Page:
¡No seas cobarde! Discursive/Pragmatic Variation of Impoliteness in a Multi-Party Political Debate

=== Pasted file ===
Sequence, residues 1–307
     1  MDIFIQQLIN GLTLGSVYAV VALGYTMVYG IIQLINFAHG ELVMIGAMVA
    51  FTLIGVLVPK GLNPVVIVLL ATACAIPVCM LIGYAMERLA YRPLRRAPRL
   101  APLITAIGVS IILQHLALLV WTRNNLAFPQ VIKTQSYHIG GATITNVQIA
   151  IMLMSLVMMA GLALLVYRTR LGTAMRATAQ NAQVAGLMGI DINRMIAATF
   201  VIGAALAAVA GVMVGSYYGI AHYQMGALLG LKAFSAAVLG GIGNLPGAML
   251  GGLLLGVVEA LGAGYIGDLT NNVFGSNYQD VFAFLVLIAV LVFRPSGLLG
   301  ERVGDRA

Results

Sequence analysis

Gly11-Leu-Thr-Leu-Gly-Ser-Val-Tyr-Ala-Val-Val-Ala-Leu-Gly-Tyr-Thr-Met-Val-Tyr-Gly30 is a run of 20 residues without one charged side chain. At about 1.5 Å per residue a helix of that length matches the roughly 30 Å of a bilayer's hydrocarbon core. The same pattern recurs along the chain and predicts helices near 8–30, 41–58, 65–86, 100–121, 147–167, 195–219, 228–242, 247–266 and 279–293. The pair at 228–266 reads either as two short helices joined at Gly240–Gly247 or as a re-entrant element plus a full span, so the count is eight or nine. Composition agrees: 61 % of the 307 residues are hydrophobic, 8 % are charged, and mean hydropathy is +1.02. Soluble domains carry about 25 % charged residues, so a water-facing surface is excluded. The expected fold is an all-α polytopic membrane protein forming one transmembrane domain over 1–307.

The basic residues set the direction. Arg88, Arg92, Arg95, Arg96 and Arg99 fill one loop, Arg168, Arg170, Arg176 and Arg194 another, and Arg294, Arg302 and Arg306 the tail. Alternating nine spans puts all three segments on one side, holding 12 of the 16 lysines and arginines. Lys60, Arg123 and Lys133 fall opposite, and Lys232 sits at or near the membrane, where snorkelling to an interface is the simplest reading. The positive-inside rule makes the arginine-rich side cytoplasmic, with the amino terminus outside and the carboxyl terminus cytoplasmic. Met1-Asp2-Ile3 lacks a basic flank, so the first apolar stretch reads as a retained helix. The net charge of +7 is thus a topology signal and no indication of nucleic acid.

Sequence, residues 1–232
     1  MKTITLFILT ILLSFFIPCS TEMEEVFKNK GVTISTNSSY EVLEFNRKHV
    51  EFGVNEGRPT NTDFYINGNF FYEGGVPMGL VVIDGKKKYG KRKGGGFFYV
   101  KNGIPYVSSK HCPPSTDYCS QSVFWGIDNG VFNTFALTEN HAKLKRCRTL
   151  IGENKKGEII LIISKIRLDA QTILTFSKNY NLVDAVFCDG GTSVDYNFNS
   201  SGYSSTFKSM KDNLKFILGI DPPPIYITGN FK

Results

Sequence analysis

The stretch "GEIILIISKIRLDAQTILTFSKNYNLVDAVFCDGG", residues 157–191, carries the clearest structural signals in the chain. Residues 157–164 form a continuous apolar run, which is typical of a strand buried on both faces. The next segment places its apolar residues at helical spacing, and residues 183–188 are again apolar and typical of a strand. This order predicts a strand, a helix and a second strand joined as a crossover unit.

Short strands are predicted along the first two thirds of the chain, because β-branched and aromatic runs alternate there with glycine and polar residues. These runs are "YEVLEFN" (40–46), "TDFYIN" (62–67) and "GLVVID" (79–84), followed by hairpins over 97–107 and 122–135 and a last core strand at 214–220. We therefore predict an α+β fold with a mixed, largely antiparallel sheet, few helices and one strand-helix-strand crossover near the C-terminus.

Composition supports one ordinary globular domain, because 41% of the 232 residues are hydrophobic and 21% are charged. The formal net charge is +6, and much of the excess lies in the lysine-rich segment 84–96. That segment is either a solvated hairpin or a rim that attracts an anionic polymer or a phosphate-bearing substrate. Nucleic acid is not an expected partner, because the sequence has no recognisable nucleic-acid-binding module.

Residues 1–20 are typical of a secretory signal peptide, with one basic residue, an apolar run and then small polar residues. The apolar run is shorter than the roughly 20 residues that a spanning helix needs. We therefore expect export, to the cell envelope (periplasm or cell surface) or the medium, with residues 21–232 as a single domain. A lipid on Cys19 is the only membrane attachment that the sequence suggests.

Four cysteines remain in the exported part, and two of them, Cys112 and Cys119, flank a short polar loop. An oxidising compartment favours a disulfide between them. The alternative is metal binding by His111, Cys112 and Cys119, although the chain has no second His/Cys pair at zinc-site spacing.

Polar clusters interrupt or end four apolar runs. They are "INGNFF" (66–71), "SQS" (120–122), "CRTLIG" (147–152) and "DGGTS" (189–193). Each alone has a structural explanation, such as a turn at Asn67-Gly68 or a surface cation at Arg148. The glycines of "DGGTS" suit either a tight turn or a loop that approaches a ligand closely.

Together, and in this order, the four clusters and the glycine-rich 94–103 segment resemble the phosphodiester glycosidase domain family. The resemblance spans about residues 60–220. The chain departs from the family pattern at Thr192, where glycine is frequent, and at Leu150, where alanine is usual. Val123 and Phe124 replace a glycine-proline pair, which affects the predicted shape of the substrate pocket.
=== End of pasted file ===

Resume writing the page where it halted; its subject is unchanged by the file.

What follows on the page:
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This study sets out to investigate the discursive/pragmatic variation of impoliteness as a discursive strategy in the institutional context of the political debate. The study examines a two-hour debate among six political candidates in Puerto Rico’s 2012 governor elections. In analyzing the discourse, this multi-party context displayed a different interactional dynamic from the typical face-to-face political debate. I used Blas Aroyo’s (2011) classifications of impoliteness strategies to identify the face attacks that each candidate delivered. I complemented these strategies with the selection of reception roles as proposed in Levinson’s (1987) review of Goffman’s (1978) participation framework. Finally, I used Spencer-Oatey’s (2002) theory of rapport management and Culpeper’s (2011) impoliteness framework to provide justification for the strategies used in the debate. It was found that in the multi-party debate context, candidates attack each other’s face rights and sociality rights with the interactional goal of elevating themselves as superior to their opponents. The results showed that the strategies “Associate opponent with negative facts” (35.8%) and “Show yourself as contemptuous to the opponent” (27%) were the most used across all candidates, which did not differ greatly from previous studies (Blas Arroyo, 2001; García-Pastor, 2008). Furthermore, it was fundamental to the context of this study to analyze the use of the participation framework. The candidates in the multi-party monologic debate interface preferred to select their opponents and their respective parties as their indirect targets and the audience as the interlocutor. This helped the candidates to still launch the face threat while staying within the bounds of the monologic nature of the context. This study represents the use of discourse analysis in investigating pragmatic behavior in institutional contexts. I argue for more interaction between pragmatics and discourse studies in order to provide a fuller and more contextualized analysis of human interaction.
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